American Journal of Medical Genetics. Part B, Neuropsychiatric Genetics: The Official Publication of the International Society of Psychiatric Genetics
Monozygotic (MZ) twin concordance for a range of psychiatric conditions is rarely 100%. It has been suggested that epigenetic factors, such as DNA methylation, may account for a proportion of the variation in behavioral traits observed between these genetically identical individuals. In this study we have quantitatively assessed the methylation status of two CpG sites in the promoter region of the COMT gene in 12 MZ twins-pairs discordant for birth weight, but otherwise clinically unaffected. DNA was obtained at age 5-years using buccal swabs, and modified using sodium-bisulfite treatment.
OBJECTIVE: Catechol-O-Methyltransferase (COMT) and Methylenetetrahydrofolate reductase (MTHFR) had been reported to relate to depression but with inconsistent results. The basal ganglia are also important in the pathophysiology of affective disorder via connections with limbic system and prefrontal cortex. The authors examined the relationship between an interaction of COMT/MTHFR polymorphisms and volumes of putamen in depressed and nondepressed elders. METHODS: Participants included 170 depressed and 83 nondepressed subjects aged 60 years or older.
BACKGROUND: Research suggests that the COMT Val(158)Met, BDNF Val(66)Met and OPRM1 A(118)G polymorphisms moderate the experience of pain. In order to obtain experimental confirmation and extension of findings, cortical processing of experimentally-induced pain was used. METHOD: A sample of 78 individuals with chronic low back pain complaints and 37 healthy controls underwent EEG registration. Event-Related Potentials were measured in response to electrical nociceptive stimuli and moderation by COMT Val(158)Met, BDNF Val(66)Met and OPRM1 A(118)G polymorphisms was assessed.
The failure in the discovery of etiology of psychiatric diseases, despite extensive genetic studies, has directed the attention of neuroscientists to the contribution of epigenetic modulations, which play important roles in fine-tuning of gene expression in response to environmental factors.
The interaction of genetic and environmental factors may affect the course and development of psychotic disorders. We examined whether the effects of childhood trauma on cognition and symptoms in schizophrenia were moderated by the Catechol-O-methyltransferase (COMT) Val(158)Met polymorphism, a common genetic variant known to affect cognition and prefrontal dopamine levels. Participants were 429 schizophrenia/schizoaffective cases from the Australian Schizophrenia Research Bank (ASRB).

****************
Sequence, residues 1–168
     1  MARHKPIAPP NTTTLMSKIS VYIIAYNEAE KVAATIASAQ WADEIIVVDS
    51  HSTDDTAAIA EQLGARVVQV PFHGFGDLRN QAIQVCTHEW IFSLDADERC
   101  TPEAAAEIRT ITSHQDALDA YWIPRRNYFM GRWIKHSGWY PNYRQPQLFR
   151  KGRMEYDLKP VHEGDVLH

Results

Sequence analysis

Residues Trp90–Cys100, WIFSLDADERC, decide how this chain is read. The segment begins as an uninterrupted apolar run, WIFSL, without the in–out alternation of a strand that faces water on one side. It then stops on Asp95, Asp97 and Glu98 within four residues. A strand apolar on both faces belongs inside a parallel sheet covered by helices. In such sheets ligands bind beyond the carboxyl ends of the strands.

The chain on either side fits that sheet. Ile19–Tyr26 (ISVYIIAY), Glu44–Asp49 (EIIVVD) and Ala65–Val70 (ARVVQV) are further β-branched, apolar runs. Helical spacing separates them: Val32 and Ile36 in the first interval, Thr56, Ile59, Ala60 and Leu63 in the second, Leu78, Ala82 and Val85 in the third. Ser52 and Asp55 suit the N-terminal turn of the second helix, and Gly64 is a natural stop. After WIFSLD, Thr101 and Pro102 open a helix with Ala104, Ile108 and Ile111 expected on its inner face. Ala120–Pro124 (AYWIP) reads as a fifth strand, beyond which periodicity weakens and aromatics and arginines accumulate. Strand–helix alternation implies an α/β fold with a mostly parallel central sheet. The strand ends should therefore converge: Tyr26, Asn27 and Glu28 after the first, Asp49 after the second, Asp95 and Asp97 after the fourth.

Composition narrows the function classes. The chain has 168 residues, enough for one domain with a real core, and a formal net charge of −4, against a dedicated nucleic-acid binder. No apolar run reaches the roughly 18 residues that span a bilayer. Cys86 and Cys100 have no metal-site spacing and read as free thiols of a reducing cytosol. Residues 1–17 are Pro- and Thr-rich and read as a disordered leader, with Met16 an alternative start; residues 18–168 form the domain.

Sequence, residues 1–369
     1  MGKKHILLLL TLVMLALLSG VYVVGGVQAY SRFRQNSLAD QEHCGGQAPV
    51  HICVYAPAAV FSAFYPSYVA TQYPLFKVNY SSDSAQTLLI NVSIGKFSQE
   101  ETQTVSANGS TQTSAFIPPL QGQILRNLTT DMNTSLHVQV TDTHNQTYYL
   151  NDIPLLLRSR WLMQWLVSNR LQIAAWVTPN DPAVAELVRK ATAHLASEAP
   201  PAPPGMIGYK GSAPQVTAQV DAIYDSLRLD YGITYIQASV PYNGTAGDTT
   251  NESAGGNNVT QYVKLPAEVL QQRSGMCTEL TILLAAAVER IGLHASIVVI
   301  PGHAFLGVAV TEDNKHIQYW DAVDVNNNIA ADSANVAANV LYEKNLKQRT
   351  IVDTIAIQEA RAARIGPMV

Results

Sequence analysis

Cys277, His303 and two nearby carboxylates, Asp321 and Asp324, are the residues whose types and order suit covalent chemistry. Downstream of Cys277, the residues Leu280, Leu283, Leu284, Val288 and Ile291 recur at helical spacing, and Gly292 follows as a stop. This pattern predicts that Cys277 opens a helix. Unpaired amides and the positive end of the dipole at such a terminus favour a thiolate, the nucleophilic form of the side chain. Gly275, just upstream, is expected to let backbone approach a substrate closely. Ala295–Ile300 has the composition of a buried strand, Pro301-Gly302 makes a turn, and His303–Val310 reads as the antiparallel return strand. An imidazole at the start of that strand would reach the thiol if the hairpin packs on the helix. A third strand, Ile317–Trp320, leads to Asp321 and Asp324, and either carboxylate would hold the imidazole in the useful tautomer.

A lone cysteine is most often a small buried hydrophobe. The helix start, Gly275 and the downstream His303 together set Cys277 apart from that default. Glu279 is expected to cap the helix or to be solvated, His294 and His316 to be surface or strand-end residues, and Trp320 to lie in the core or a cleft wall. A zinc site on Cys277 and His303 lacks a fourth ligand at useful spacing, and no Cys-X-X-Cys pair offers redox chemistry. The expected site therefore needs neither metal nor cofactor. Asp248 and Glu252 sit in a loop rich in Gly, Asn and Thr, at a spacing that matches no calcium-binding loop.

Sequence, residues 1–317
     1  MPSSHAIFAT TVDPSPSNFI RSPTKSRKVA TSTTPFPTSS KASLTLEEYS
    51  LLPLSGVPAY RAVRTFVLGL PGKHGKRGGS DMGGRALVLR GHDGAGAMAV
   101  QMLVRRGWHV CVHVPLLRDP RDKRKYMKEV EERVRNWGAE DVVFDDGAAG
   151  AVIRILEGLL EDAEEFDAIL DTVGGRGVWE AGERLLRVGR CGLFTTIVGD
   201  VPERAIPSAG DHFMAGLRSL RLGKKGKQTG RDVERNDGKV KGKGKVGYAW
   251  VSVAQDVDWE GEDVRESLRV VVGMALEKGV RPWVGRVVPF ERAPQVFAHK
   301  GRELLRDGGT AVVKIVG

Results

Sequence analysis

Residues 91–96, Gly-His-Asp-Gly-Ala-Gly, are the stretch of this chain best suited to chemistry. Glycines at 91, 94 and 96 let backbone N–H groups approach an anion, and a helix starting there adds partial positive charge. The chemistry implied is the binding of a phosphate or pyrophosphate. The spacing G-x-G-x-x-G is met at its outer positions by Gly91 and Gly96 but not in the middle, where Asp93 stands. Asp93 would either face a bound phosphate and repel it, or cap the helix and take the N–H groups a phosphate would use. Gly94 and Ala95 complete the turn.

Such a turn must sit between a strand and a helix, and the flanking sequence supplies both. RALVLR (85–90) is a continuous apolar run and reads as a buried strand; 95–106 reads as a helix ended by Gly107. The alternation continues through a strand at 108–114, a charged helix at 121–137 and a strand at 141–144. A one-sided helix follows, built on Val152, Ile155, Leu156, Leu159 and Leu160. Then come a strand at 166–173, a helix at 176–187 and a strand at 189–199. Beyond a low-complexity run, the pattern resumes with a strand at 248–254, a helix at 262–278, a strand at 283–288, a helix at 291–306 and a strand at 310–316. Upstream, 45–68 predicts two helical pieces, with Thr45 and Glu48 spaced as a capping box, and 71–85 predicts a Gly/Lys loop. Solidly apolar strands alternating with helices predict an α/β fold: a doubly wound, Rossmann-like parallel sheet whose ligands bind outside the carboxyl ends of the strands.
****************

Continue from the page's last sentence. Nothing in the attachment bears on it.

Many genetic studies report mixed results both for the associations between COMT polymorphisms and schizophrenia and for the effects of COMT variants on common intermediate phenotypes of the disorder. Reasons for this may include small genetic effect sizes and the modulation of environmental influences.
Substance use often starts in adolescence and poses a major problem for society and individual health. The dopamine system plays a role in substance use, and catechol-O-methyltransferase (COMT) is an important enzyme that degrades dopamine. The Val(108/158) Met polymorphism modulates COMT activity and thus dopamine levels, and has been linked to substance use. COMT gene methylation, on the other hand, may affect expression and thus indirectly COMT activity. We investigated whether methylation of the COMT gene was associated with adolescents' substance use.
Major depressive disorder (MDD) is characterized by mood, vegetative, cognitive, and even psychotic symptoms and signs that can cause substantial impairments in quality of life and functioning. Biomarkers are measurable indicators that could help diagnosing MDD or predicting treatment response. In this chapter, lipid profiles, immune/inflammation, and neurotrophic factor pathways that have long been implicated in the pathogenesis of MDD are discussed.
Findings from twin studies yield heritability estimates of 0.50 for prosocial behaviours like empathy, cooperativeness and altruism. First molecular genetic studies underline the influence of polymorphisms located on genes coding for the receptors of the neuropeptides, oxytocin and vasopressin. However, the proportion of variance explained by these gene loci is rather low indicating that additional genetic variants must be involved. Pharmacological studies show that the dopaminergic system interacts with oxytocin and vasopressin.
Only recently have studies of electrocortical activity, event-related potentials, and regional cerebral blood flow begun to shed light on the anatomical and neurobiological underpinnings of hypnosis. Since twin studies show a significant heritable component for hypnotizability, we were prompted to examine the role of a common, functional polymorphism in contributing to individual differences in hypnotizability. A group of 109 subjects (51 male, 59 female) were administered three psychological instruments and tested for the high/low enzyme activity COMT val-->met polymorphism.